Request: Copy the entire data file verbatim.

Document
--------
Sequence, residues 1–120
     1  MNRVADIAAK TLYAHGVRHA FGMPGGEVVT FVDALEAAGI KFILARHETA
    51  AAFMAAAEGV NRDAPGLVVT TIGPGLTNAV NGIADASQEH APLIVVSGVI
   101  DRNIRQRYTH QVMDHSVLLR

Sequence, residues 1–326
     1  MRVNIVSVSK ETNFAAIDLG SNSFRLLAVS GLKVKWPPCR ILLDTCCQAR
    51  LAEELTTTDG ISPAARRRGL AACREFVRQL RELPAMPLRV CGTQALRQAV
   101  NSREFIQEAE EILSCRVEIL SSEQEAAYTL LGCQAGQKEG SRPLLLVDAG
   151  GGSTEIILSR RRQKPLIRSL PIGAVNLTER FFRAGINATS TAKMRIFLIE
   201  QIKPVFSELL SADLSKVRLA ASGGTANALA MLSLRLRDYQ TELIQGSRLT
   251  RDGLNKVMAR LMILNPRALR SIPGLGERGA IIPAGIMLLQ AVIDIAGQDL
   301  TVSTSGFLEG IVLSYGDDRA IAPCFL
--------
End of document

Sequence, residues 1–120
     1  MNRVADIAAK TLYAHGVRHA FGMPGGEVVT FVDALEAAGI KFILARHETA
    51  AAFMAAAEGV NRDAPGLVVT TIGPGLTNAV NGIADASQEH APLIVVSGVI
   101  DRNIRQRYTH QVMDHSVLLR

Sequence, residues 1–326
     1  MRVNIVSVSK ETNFAAIDLG SNSFRLLAVS GLKVKWPPCR ILLDTCCQAR
    51  LAEELTTTDG ISPAARRRGL AACREFVRQL RELPAMPLRV CGTQALRQAV
   101  NSREFIQEAE EILSCRVEIL SSEQEAAYTL LGCQAGQKEG SRPLLLVDAG
   151  GGSTEIILSR RRQKPLIRSL PIGAVNLTER FFRAGINATS TAKMRIFLIE
   201  QIKPVFSELL SADLSKVRLA ASGGTANALA MLSLRLRDYQ TELIQGSRLT
   251  RDGLNKVMAR LMILNPRALR SIPGLGERGA IIPAGIMLLQ AVIDIAGQDL
   301  TVSTSGFLEG IVLSYGDDRA IAPCFL